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The Istvaeones, also called Istaevones, Istriaones, Istriones, Sthraones, and Thracones, are mentioned as a Germanic tribal grouping in the writings of Tacitus and Pliny the Elder (~1st century AD). They categorized them as one of the nations of Germanic tribes descended from one of the sons of Mannus, a Germanic ancestor. The other two such peoples were the Ingvaeones and Irminones.
The Low Franconian languages, such as Dutch, are sometimes referred to as Istvaeonic languages because they are associated with a similar geographical area, although they appear only some centuries later than the reports of Tacitus and Pliny. (Whether the original Istvaeones of Tacitus and Pliny spoke a language ancestral to modern Istvaeonic is not certain, but it is possible. Some of the "Germanic" tribes living near the Rhine in that era may not even have spoken a Germanic language.)
Tacitus, in his Germania (chapter 2) writes
In their ancient songs, their only way of remembering or recording the past, they celebrate an earth-born god, Tuisco, and his son Mannus, as the origin of their race, as their founders. To Mannus they assign three sons, from whose names, they say, the coast tribes are called Ingævones; those of the interior, Herminones; all the rest, Istævones. Some, with the freedom of conjecture permitted by antiquity, assert that the god had several descendants, and the nation several appellations, as Marsi, Gambrivii, Suevi, Vandilii, and that these are genuine old names.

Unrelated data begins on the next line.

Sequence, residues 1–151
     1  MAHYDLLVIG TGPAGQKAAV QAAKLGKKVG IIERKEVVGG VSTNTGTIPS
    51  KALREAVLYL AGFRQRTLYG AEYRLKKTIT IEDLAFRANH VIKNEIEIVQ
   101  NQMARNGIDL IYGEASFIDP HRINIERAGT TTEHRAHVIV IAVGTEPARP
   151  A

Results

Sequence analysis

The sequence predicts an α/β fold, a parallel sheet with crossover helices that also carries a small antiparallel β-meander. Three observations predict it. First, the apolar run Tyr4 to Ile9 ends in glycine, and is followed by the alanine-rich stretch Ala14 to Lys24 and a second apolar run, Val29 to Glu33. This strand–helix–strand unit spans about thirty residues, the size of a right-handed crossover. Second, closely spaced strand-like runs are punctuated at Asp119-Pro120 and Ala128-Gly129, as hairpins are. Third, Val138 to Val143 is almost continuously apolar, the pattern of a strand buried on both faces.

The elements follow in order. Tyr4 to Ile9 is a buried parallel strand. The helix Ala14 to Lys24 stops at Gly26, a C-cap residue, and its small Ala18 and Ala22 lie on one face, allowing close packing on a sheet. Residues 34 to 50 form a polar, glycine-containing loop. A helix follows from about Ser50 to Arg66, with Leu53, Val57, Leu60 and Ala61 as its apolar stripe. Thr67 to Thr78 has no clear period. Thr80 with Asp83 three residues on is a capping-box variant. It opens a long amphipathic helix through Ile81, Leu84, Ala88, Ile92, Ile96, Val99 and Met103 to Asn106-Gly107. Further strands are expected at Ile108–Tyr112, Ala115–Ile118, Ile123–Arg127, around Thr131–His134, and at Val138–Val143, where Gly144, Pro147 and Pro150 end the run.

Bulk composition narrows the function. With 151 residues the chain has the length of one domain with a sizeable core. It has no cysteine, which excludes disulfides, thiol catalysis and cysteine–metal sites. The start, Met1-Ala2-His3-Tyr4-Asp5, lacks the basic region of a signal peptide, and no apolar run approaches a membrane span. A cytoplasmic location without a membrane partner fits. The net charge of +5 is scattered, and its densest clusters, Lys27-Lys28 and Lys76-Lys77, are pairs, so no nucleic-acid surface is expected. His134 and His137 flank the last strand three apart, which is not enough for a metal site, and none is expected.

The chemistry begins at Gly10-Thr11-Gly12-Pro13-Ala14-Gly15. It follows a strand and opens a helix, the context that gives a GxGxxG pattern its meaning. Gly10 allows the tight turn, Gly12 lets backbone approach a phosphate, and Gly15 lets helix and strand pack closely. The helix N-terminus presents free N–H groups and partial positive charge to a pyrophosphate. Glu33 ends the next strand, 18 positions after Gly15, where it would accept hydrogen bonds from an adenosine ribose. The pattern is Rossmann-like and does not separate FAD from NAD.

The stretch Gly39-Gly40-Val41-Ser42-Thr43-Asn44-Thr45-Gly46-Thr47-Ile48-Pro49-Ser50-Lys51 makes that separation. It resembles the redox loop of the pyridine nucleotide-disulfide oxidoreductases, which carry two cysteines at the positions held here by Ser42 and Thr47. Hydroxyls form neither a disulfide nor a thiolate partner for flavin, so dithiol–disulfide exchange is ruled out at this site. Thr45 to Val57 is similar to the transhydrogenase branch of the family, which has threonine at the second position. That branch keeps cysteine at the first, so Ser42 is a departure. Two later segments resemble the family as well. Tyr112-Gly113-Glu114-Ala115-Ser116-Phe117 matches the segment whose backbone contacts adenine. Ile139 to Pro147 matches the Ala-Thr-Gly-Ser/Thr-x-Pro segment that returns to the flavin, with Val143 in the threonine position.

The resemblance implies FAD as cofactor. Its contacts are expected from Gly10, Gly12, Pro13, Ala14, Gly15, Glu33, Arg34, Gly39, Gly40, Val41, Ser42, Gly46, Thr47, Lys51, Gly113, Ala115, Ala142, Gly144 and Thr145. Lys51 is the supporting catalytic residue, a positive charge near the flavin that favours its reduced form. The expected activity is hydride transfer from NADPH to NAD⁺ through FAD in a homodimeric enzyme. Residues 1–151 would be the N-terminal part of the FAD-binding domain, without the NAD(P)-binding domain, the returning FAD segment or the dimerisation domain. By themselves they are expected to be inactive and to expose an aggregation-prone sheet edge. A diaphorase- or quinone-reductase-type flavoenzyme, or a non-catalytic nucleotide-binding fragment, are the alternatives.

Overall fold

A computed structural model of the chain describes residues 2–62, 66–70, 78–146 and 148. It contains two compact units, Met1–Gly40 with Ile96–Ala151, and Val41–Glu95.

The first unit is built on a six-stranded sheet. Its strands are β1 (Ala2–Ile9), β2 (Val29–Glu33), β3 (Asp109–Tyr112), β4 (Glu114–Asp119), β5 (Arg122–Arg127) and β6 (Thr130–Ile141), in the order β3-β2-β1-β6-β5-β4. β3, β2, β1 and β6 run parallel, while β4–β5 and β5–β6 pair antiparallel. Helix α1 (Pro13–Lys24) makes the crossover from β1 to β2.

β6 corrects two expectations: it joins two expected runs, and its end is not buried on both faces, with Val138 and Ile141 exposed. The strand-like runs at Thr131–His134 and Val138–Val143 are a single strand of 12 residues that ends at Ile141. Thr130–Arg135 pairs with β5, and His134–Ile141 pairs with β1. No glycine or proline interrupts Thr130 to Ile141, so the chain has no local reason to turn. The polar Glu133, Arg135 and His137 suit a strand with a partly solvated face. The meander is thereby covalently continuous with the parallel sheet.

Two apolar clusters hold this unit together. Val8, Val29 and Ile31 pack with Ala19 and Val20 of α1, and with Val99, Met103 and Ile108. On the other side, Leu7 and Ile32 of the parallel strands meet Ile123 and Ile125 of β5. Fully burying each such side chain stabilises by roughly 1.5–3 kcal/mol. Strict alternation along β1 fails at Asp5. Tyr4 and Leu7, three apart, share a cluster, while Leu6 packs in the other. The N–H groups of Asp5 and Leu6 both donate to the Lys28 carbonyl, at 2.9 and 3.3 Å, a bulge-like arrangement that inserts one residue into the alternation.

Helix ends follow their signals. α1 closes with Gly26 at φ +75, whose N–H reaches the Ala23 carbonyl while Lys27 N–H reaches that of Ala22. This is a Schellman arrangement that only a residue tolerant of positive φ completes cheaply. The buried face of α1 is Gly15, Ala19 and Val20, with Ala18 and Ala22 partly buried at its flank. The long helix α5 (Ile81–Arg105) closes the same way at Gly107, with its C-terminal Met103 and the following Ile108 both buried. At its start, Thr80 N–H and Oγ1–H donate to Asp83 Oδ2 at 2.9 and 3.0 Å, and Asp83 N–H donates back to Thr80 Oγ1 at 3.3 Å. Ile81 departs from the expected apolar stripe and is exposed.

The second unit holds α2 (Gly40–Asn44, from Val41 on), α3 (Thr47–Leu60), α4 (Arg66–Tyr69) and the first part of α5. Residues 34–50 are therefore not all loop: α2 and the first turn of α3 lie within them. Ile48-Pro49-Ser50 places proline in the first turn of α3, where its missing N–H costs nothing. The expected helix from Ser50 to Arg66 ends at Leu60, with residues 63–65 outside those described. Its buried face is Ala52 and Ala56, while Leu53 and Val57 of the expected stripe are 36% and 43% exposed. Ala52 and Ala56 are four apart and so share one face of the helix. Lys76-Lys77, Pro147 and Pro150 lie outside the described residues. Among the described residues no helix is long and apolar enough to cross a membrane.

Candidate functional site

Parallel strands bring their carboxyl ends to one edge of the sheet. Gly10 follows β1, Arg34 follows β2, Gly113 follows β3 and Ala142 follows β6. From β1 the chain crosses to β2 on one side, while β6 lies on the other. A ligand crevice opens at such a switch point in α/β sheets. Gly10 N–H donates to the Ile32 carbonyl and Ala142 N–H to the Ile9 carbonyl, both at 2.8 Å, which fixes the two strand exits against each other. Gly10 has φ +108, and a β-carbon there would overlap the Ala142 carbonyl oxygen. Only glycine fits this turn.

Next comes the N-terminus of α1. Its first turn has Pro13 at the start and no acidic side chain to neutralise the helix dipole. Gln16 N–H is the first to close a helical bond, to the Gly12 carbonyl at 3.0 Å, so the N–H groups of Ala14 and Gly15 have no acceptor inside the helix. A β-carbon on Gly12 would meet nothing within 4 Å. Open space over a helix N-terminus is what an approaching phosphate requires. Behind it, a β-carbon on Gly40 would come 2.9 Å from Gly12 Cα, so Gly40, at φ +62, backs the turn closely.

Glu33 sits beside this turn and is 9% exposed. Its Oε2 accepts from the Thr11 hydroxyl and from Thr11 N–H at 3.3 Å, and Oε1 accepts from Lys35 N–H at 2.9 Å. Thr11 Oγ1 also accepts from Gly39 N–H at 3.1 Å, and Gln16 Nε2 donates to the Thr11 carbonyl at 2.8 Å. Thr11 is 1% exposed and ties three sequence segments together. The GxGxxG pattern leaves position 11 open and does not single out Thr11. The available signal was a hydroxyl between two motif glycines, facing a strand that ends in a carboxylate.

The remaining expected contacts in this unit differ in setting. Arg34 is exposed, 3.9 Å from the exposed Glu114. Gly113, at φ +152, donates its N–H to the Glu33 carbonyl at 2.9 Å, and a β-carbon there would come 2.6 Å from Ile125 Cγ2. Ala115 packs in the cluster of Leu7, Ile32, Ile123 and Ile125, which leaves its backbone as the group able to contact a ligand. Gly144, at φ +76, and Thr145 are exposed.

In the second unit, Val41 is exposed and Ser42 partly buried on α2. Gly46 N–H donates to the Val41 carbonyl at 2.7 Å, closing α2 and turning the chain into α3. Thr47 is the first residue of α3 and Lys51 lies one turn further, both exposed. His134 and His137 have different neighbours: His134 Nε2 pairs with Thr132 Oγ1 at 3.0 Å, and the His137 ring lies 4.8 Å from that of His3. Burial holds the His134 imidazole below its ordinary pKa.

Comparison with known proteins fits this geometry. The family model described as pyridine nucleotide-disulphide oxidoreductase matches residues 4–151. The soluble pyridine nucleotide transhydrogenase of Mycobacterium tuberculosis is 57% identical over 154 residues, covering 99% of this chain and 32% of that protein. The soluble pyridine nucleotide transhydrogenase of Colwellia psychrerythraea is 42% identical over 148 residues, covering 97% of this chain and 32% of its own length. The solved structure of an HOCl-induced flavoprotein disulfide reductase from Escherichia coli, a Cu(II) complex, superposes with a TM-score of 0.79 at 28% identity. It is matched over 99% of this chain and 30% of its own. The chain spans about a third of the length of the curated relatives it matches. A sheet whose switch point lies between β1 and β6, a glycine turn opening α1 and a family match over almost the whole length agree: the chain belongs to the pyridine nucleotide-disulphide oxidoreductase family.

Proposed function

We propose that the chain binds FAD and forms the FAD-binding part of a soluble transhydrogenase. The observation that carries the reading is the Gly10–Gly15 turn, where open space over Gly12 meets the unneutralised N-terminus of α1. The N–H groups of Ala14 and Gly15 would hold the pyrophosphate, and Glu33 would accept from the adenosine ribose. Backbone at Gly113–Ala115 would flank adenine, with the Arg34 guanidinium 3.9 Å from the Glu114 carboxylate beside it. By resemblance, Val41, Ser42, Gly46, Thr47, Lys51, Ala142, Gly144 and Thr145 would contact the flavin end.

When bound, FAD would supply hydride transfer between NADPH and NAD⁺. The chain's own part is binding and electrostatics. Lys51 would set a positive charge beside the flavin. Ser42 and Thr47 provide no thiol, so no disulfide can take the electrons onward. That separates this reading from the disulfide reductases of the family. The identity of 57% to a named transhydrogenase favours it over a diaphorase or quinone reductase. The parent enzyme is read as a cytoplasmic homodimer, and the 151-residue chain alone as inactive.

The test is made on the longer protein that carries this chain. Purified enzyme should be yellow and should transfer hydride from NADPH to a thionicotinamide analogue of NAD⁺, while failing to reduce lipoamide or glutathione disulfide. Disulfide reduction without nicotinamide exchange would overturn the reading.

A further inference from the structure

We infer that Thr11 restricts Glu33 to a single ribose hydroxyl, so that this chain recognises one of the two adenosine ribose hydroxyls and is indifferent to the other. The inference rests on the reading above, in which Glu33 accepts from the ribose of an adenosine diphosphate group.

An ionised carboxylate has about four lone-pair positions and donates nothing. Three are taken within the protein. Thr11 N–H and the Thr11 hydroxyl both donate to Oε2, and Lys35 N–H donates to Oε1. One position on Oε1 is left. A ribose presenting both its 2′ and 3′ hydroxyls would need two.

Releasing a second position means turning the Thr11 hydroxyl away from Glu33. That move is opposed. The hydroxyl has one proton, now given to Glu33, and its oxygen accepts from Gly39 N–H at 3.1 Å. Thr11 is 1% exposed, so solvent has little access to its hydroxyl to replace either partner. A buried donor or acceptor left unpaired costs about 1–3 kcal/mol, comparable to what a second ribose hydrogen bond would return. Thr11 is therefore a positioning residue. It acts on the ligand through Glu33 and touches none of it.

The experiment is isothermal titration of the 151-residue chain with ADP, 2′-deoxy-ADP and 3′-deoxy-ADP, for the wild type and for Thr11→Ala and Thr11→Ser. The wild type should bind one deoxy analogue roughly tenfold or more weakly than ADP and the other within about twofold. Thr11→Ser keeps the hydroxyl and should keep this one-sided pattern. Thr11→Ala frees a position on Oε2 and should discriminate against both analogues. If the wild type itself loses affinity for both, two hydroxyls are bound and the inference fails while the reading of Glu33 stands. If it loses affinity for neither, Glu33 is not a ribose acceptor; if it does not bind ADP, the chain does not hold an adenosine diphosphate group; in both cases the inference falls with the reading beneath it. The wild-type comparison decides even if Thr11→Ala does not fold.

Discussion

Jacob Grimm in the book Deutsche Mythologie argued that Iscaevones was the correct form, partly because it would connect the name to an ancestor figure in Norse mythology named Ask, and partly because in Nennius where the name Mannus is corrupted as Alanus, the ancestor of the Istaevones appears as Escio or Hisicion. There the sons of this figure are, fantastically, from Frankish tradition, Francus, Romanus, Alamanus, and Bruttus, the supposed ancestors of the Franks, Latins, Germans and Britons. This seems to reflect Frankish desire to connect the Franks with the people they ruled.
- Grimm, Jacob (1835). Deutsche Mythologie (German Mythology); From English released version Grimm's Teutonic Mythology (1888); Available online by Northvegr © 2004-2007:Chapter 15, page 2-; 3. File retrieved 11-18-2015.
- Tacitus, Germania (1st Century AD). (in Latin)
- Friedrich Maurer (1942) Nordgermanen und Alemannen: Studien zur germanische und frühdeutschen Sprachgeschichte, Stammes- und Volkskunde, Strasbourg: Hünenburg.